Eva Kanso, University of Southern California
Sea star inspired crawling and bouncing

Sept 30, 2019, 2:00pm; EEB 132


The oral surface of sea stars is lined with arrays of tube feet that enable them to achieve highly controlled locomotion on various terrains. The activity of the tube feet is orchestrated by a nerve net that is distributed throughout the body; there is no central brain. How such a decentralized nervous system produces a coordinated locomotion is yet to be understood. We developed mathematical models of the biomechanics of the tube feet and the sea star body. In the model, the feet are coupled mechanically through their structural connection to the sea star body. We formulated hierarchical control laws that capture salient features of the sea star nervous system. Namely, at the tube foot level, the power and recovery strokes follow a state-dependent feedback controller. At the system level, a directionality command is communicated through the ring and radial nerves to all tube feet. We studied the locomotion gaits afforded by this hierarchical control system. We found that these minimally-coupled tube feet coordinate to generate robust forward locomotion, reminiscent of the crawling motion of sea stars, on various terrains and under various heterogeneity in the tube feet parameters and initial conditions. Our model also predicted a transition from crawling to bouncing consistent with our experiments performed on Protoreaster nodosus. We conclude by commenting on the implications of these findings for understanding the Echinoderms decentralized nervous system and their potential application to autonomous robotic systems.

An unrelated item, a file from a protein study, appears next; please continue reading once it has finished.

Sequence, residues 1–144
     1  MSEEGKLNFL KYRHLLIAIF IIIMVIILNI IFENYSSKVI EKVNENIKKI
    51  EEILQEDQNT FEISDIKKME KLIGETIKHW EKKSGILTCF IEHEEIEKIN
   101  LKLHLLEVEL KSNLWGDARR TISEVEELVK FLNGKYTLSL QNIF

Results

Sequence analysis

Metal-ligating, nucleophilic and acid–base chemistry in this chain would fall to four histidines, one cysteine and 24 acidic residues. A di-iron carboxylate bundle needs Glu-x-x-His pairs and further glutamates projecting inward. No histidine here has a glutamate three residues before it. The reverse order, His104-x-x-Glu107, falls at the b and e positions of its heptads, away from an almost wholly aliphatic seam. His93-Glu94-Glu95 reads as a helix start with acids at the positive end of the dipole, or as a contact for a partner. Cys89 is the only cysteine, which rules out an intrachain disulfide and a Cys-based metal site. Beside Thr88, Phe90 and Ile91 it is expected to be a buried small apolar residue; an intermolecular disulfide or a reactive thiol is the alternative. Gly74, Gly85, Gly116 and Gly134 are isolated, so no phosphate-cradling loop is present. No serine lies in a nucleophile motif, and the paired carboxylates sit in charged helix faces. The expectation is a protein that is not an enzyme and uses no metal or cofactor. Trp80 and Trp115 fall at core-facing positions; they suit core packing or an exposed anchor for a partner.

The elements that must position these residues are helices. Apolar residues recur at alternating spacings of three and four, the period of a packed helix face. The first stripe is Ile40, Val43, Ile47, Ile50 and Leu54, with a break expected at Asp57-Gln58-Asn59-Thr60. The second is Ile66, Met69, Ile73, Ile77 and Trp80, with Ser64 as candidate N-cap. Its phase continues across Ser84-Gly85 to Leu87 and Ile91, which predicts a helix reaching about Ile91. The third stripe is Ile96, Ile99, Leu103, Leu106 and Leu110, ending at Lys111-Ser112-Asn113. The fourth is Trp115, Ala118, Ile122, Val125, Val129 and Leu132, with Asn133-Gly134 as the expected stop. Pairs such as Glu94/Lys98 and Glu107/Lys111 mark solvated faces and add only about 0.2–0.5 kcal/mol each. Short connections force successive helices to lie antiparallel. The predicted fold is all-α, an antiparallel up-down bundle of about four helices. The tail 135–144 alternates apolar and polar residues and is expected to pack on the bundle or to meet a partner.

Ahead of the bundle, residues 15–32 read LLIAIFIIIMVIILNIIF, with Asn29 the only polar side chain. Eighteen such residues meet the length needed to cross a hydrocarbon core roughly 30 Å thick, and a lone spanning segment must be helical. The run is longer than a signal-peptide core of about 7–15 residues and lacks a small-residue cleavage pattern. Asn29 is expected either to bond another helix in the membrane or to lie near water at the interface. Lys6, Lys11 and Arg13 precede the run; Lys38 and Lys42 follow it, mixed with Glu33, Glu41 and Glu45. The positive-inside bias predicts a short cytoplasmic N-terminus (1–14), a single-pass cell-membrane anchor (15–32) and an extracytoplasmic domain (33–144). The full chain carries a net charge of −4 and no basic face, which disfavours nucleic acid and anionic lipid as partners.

Eva Kanso is a professor, and the Zohrab H. Kaprielian Fellow, in Aerospace and Mechanical Engineering at the University of Southern California (USC). Prior to joining USC, Kanso held a two-year postdoctoral position in Computing and Mathematical Sciences at Caltech. She received her Ph.D. and M.S. degrees in Mechanical Engineering as well as an M.A. degree in Mathematics from UC Berkeley. She got her Bachelor of Engineering from the American University of Beirut with distinction. At USC, Kanso studies the physics of how organisms interact with their environments. Kanso combines methods from fluid and solid mechanics with techniques from dynamical systems and control theory to analyze the interplay between the morphology of living systems and the environment to produce biological functions.